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Great And Simple Way To Make New Jazz Licks

I think we all know how it is: You are improvising over a song and there is a place or one chord where you always feel like you are playing the Old Jazz Guitar Licks.

One of the ways that I go about finding some new material that I like is actually pretty simple and that is what I am going to show you in this lesson.

In my experience, you are better off working on taking the things that you already know and get better at using them instead of trying to learn a million Star Trek scales that
you can’t make music, so this is actually pretty down to earth.

Very often when I listen to the jazz guitar solos that I love, like Wes on Four on Six or maybe a Kurt Rosenwinkel, then some places really stand out to me, and when I transcribed those passages they were always using very basic things but just creating great melodies with that.

So this is more about getting great melodies or licks out of basic things and that is what I am going to show you a way of exploring in this video because you can make 1000s of great licks with stuff you already know.

For this lesson I am going to take a C7 and the scale that it belongs to which will be an F major scale, so the basic framework is

And it is important to see the Arpeggio or the chord in the context of the scale (Neck Diagrams) Making music is about connecting things, not playing separate ideas one after the other.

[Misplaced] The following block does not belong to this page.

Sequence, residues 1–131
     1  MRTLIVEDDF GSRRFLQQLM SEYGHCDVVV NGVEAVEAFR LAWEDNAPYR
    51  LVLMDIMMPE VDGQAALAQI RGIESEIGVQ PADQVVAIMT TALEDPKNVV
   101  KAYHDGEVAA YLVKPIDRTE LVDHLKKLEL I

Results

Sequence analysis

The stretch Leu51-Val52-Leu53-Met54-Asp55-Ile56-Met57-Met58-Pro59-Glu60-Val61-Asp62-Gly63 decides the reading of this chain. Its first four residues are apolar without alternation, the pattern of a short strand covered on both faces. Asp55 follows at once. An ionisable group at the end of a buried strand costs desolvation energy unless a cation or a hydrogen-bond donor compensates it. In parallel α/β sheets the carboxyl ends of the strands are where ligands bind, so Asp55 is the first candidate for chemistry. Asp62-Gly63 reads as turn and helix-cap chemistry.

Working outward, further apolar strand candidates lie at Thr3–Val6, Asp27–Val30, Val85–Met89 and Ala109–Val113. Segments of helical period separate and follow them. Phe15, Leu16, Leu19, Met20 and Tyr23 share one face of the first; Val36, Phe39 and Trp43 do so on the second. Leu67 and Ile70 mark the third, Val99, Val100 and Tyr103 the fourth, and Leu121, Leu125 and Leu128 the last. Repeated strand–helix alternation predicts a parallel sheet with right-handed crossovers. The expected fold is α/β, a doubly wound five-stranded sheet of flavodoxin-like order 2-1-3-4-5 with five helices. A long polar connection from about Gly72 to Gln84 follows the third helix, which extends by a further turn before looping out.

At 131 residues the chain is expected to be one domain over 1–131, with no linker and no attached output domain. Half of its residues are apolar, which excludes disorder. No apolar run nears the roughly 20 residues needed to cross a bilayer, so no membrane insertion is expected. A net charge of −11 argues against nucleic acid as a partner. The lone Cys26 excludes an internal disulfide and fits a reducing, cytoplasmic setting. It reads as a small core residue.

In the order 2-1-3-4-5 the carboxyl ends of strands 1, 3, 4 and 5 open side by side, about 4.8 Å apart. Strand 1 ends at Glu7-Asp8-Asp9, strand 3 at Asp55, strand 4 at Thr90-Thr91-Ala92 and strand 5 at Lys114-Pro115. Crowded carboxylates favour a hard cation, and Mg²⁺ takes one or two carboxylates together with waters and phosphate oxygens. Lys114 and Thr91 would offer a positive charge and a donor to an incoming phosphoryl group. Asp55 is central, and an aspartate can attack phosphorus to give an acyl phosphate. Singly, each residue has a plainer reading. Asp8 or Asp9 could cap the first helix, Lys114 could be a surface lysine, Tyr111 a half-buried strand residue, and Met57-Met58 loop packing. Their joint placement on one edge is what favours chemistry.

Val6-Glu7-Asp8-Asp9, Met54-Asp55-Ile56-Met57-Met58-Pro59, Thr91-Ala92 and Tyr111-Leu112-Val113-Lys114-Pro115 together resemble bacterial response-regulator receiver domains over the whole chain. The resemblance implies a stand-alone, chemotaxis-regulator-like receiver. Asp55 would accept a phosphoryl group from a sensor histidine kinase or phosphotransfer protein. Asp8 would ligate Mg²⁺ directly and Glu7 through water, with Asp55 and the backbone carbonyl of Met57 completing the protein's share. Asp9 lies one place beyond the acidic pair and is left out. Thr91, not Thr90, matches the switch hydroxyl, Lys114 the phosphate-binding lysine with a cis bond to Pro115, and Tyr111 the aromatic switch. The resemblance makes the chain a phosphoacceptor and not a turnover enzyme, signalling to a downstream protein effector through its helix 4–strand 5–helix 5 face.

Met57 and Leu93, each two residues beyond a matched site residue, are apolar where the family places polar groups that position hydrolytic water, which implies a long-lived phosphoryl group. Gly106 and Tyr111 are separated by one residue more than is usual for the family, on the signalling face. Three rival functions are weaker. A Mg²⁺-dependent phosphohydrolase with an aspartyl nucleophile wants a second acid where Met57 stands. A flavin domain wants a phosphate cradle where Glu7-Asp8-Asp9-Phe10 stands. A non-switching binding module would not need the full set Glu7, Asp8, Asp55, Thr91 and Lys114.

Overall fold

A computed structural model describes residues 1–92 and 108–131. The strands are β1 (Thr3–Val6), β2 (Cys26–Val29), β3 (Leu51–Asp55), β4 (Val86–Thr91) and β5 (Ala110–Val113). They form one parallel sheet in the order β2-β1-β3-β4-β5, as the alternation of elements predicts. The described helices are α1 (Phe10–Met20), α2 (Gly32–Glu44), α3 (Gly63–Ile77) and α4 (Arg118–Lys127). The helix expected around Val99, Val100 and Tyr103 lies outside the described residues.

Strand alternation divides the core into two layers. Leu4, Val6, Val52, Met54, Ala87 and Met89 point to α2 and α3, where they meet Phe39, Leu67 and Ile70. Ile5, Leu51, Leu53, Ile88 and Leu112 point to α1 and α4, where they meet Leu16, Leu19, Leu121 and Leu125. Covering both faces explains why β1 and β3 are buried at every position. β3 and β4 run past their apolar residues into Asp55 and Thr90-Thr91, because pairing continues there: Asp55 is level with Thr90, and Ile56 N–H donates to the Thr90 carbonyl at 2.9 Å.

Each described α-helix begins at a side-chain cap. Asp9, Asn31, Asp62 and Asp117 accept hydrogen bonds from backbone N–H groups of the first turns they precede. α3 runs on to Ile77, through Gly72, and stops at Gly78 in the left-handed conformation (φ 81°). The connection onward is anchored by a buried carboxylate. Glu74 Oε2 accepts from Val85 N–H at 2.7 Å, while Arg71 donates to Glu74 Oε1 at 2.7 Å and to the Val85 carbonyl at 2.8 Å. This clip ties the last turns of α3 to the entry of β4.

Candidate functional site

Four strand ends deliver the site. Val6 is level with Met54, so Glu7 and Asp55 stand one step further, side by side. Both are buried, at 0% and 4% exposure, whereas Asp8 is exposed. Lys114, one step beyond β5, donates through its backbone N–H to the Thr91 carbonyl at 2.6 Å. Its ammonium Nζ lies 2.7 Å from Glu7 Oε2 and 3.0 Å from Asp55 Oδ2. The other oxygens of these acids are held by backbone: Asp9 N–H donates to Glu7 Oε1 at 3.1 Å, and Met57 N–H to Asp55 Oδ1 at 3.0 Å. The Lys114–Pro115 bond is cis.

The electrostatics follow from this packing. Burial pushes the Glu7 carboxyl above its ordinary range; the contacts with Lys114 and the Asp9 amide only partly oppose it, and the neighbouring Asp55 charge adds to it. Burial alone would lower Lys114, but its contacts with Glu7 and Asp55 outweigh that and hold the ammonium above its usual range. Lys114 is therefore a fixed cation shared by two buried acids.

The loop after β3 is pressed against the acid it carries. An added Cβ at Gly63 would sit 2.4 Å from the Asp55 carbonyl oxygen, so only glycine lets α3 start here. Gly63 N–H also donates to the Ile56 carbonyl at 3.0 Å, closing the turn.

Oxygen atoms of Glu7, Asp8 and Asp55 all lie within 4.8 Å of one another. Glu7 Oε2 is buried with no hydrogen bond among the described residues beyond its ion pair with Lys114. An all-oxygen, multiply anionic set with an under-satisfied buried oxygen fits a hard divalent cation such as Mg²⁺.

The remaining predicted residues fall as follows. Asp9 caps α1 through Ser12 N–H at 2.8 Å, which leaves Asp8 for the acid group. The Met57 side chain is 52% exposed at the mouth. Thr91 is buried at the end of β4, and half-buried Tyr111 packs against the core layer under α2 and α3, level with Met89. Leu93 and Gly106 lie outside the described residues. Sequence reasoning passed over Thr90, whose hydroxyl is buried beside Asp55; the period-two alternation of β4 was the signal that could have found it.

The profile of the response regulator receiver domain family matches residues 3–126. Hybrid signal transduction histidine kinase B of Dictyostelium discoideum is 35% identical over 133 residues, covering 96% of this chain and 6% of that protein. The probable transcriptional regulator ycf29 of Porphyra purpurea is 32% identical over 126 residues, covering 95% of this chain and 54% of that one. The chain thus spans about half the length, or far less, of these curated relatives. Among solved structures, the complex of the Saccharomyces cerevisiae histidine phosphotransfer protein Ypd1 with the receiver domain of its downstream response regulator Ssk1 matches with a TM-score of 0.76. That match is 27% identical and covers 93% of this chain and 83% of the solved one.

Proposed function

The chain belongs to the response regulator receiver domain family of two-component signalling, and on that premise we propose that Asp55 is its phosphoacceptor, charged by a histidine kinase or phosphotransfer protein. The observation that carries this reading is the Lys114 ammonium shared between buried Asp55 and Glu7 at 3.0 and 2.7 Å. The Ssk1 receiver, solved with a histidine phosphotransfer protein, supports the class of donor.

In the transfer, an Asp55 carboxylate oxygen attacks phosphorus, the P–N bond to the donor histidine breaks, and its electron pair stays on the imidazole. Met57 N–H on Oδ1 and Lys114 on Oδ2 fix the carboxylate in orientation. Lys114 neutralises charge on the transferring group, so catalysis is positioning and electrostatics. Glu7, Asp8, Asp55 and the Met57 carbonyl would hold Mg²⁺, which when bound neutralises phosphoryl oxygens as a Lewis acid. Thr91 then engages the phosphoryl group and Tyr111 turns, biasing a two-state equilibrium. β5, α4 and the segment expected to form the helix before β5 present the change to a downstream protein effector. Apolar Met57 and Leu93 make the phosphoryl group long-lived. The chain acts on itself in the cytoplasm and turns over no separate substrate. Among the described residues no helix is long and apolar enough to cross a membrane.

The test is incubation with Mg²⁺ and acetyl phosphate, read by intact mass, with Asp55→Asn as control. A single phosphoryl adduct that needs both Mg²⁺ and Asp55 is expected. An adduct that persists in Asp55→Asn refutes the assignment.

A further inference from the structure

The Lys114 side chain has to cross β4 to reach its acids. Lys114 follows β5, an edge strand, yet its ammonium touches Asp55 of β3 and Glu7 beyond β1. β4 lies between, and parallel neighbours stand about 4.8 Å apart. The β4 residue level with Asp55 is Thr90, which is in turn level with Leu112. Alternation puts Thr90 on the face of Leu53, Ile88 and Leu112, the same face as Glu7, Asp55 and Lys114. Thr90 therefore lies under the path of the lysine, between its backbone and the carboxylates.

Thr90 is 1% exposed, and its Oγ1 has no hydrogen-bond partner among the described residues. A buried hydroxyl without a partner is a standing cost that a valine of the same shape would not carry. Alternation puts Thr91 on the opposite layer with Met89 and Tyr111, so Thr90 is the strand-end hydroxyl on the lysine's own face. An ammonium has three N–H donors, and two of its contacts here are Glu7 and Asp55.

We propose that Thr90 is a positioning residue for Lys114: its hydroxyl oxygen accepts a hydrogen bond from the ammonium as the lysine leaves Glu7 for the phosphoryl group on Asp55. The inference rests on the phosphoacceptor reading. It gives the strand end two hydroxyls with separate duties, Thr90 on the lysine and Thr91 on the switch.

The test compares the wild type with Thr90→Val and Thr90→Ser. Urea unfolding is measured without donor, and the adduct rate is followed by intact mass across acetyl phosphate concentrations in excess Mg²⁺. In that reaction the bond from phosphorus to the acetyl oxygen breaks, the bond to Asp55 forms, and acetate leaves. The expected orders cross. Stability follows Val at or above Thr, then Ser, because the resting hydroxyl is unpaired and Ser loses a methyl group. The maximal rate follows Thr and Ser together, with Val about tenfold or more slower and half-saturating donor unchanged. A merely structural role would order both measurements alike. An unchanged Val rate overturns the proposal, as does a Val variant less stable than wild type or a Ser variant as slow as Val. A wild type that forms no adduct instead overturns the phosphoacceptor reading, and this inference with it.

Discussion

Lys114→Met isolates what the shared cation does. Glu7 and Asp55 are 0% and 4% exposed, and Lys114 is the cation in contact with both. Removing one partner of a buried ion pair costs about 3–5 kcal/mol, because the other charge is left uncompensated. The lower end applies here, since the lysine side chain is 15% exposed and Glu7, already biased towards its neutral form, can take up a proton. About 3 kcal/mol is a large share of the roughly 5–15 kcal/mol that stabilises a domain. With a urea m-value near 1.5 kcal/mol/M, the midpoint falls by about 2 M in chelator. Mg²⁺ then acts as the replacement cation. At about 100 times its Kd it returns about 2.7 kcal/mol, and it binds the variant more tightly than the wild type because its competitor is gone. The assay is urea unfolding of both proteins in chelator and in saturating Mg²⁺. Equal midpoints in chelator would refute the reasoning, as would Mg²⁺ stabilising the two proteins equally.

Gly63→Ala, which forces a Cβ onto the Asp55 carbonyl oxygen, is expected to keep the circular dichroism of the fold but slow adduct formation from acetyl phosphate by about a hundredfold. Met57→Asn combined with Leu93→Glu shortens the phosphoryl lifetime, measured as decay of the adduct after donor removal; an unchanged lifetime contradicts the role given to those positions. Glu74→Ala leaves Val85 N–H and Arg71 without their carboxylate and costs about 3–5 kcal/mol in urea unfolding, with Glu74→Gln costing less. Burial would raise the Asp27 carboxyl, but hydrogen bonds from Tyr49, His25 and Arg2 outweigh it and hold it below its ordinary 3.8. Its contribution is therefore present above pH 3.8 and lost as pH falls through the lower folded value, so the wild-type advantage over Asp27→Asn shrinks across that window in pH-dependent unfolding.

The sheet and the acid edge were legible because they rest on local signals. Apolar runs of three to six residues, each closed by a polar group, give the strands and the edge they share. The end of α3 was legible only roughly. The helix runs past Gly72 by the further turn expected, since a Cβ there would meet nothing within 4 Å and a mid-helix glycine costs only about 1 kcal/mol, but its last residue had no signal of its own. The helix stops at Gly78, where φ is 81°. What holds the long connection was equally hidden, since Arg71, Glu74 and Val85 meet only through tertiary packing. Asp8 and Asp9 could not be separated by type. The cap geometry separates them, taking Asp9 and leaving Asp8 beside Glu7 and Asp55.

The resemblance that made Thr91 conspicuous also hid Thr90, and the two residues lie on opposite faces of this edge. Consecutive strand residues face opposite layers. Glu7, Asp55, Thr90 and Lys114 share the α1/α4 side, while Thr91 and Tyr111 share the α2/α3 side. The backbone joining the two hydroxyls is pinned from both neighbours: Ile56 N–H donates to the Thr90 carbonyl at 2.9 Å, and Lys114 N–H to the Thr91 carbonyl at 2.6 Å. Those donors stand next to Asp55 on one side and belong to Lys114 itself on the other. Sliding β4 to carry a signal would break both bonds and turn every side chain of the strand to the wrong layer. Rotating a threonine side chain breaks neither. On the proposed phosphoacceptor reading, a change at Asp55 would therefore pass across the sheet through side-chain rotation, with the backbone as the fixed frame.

We are making licks for a C7 so let’s first try to make some melodies just with the arpeggio and then add in the rest.

The Arpeggio works really well, but for a melody to be interesting then it probably needs to be a little less predictable than just the arpeggio.

#1 Change the order of the notes

The first two suggestions for making licks is really about knowing the arpeggio better and being freer to improvise with it. And this is what you need to work on to do that:

And you can put the 2nd bar from the example above to work on the beginning of a Blues in C:

You don’t always have to play the notes in the same order, we think of them as 1 3 5 7 but when you improvise you can play a lot of other melodies with the same notes in different orders.

#2 Inversions = New Melodies